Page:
I doubt that there are any of us who haven't found ourselves in a similar situation (I have found myself there a lot, over the years). And at that point, once you're in it, it really doesn't matter (in an immediate way) what we could have done to avoid it--because we didn't avoid it, and here it is, we're in this difficult moment in all its glory. And we need to get through it, however it is that we choose to get through it, in whatever ways help us get through it. And not only is that okay, but there's a whole lot of learning (for parent and child) and connection to be had in those moments. It certainly is not un-worthwhile by any means.

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Originally Posted by mbravebird View Post
I think we seem to all agree that the lesson to teach our kids is not that everything can be solved, but that we have the resources to deal with it whether it can be solved or not. I think our differences may lie in what we ask our kids to engage their resources about.
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#186 of 188 Old 02-02-2008, 12:31 PM
 
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Originally Posted by mbravebird View Post
He responds better and with more engagement to gentle reflection of his feelings and of the situation, rather than solutions or avoidance of the circumstance. I've noticed this particularly since our latest spate of medical issues -- these days he seems to shoot down every problem solving attempt, searching instead for the expression of the unsolvable, relaxing only when we quietly witness the situation with him, noticing with patient interest just how everything seems to be for him. This goes for anything, from how his cheese chunks are too big to how scared he is of something medical. Problem-solving, changing the situation, seems to actually make it worse. What he needs is quiet, interested attention, and then he tends to engage his own resources at that point. Of course, not always. But if something is going to help, it's going to be interested, nonreactive attention instead of problem solving.
You are such a wise mama!

You know, the way your son is, is the way I am, too, in the midst of a problem. I don't feel "helped" by some other person (even a dear loved one) coming in and "problem solving."

When people are willing to listen and empathize, rather than moving in to take over -- that shows their trust in us as people who have resources. We don't need someone else to figure everything out for us; we just need to know that we have their love and support as we get our bearings, and we need their strong hands to hold onto as we find our way.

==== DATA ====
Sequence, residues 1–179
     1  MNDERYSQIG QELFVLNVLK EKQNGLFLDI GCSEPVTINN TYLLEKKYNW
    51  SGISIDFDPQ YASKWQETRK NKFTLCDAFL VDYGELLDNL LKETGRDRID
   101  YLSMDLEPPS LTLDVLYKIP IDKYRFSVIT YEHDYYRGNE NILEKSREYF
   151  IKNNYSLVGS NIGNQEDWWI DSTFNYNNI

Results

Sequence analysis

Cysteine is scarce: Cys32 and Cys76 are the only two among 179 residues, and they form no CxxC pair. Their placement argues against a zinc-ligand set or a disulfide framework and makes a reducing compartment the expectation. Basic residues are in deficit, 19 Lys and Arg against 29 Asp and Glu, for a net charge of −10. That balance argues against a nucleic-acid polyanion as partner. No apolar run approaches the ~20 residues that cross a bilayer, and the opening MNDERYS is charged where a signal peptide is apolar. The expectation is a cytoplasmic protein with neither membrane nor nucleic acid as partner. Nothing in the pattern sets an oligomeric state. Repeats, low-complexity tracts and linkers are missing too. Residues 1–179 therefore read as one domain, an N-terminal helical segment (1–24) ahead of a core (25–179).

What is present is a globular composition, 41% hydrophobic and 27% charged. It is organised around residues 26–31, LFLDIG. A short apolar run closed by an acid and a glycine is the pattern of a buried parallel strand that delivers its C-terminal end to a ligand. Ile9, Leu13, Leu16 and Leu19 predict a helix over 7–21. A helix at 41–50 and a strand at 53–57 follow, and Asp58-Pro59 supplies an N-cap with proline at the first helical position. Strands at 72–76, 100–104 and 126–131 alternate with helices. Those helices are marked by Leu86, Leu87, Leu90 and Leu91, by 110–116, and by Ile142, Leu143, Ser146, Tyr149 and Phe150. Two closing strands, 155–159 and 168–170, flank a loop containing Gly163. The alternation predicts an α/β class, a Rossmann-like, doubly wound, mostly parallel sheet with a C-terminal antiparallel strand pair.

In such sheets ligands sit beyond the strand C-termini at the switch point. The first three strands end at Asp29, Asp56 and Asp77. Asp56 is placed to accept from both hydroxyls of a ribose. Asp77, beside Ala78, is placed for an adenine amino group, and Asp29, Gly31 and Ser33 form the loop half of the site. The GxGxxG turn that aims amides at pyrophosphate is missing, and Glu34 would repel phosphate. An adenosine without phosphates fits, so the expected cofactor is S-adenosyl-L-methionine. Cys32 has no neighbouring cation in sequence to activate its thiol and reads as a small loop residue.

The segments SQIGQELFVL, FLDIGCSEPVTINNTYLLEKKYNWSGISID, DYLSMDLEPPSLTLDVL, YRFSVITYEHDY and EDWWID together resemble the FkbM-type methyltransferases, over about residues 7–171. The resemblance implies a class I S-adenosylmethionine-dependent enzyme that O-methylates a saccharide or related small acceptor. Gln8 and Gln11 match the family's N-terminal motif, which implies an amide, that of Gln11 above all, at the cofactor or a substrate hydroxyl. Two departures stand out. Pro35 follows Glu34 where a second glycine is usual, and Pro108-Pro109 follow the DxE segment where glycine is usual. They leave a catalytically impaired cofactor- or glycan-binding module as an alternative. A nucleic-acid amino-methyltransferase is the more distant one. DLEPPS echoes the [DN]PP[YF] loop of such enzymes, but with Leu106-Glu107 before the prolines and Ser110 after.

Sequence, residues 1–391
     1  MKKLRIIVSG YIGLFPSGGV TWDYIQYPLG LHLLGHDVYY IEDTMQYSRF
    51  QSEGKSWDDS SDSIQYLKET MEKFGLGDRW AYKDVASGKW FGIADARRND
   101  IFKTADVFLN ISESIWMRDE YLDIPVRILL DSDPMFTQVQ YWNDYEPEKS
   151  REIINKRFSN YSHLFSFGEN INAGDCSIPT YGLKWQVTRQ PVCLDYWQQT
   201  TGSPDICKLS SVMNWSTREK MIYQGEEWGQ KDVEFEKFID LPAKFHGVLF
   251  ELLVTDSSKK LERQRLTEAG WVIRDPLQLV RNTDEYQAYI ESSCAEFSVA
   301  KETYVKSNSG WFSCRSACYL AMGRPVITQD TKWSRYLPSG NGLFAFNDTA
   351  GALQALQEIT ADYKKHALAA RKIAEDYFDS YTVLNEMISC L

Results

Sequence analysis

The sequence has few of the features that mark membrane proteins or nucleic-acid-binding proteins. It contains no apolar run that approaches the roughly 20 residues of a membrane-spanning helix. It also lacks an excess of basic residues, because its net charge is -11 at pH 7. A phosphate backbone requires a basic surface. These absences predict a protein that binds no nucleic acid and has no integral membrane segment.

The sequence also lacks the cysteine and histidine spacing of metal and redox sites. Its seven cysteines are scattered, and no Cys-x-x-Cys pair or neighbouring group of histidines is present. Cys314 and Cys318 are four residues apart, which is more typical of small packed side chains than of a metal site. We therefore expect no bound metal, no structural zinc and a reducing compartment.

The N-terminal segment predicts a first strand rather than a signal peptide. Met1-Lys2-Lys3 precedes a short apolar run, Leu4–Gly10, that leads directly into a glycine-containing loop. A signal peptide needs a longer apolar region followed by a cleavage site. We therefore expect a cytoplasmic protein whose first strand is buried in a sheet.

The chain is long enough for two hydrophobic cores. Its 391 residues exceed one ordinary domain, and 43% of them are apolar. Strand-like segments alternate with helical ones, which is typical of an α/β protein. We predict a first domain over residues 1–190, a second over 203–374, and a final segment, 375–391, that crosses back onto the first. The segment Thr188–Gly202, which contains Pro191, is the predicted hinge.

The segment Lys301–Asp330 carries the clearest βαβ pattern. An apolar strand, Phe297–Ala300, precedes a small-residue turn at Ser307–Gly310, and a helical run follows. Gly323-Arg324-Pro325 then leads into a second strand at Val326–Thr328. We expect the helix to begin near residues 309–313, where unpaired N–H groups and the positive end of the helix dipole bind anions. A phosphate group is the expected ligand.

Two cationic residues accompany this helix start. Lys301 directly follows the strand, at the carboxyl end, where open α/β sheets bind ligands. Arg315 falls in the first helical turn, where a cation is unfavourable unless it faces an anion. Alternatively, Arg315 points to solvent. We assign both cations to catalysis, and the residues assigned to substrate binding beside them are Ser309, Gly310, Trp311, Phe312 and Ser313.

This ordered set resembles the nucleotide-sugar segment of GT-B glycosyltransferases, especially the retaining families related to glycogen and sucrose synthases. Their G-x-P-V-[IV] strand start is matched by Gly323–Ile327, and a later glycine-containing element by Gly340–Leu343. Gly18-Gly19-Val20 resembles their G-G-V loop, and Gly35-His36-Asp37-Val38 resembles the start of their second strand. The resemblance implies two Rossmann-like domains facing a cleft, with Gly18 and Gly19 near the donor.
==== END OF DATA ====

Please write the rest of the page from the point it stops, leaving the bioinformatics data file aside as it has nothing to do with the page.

Susan -- married unschoolin' WAHMomma to two lovely girls (born 2000 and 2005).
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#187 of 188 Old 02-05-2008, 11:24 PM
 
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Wow! You guys rock!!
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#188 of 188 Old 02-06-2008, 02:08 AM
 
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Originally Posted by mbravebird View Post
Well, I have been feeling wrong all day about calling you lovely folks lunatics. Last night, in the midst of my reality clashing with more normal realities, it felt accurate, but after a few hours sleep I realized very clearly that calling anyone here a lunatic is completely inappropriate. I am feeling regret about my disrespectful language, because it did not communicate how much I respect and see the validity of all the articulate thinking everyone in this thread has been doing. I apologize.
Actually, I found myself nodding through much of your post. Having to deal with life threatening illness kind of forces you (generic you of course ) to cut to the chase. You just don't necessarily have the luxury of negotiating every.little.thing. "Honey, where would you like the epi pen stick" (as dc turns blue with anaphylaxis) just ain't always an option. And BIG GIANT kudos to you for finding as much consensuality and empowering your DS as you clearly do. Way to go mama And I am so glad your LO is doing better .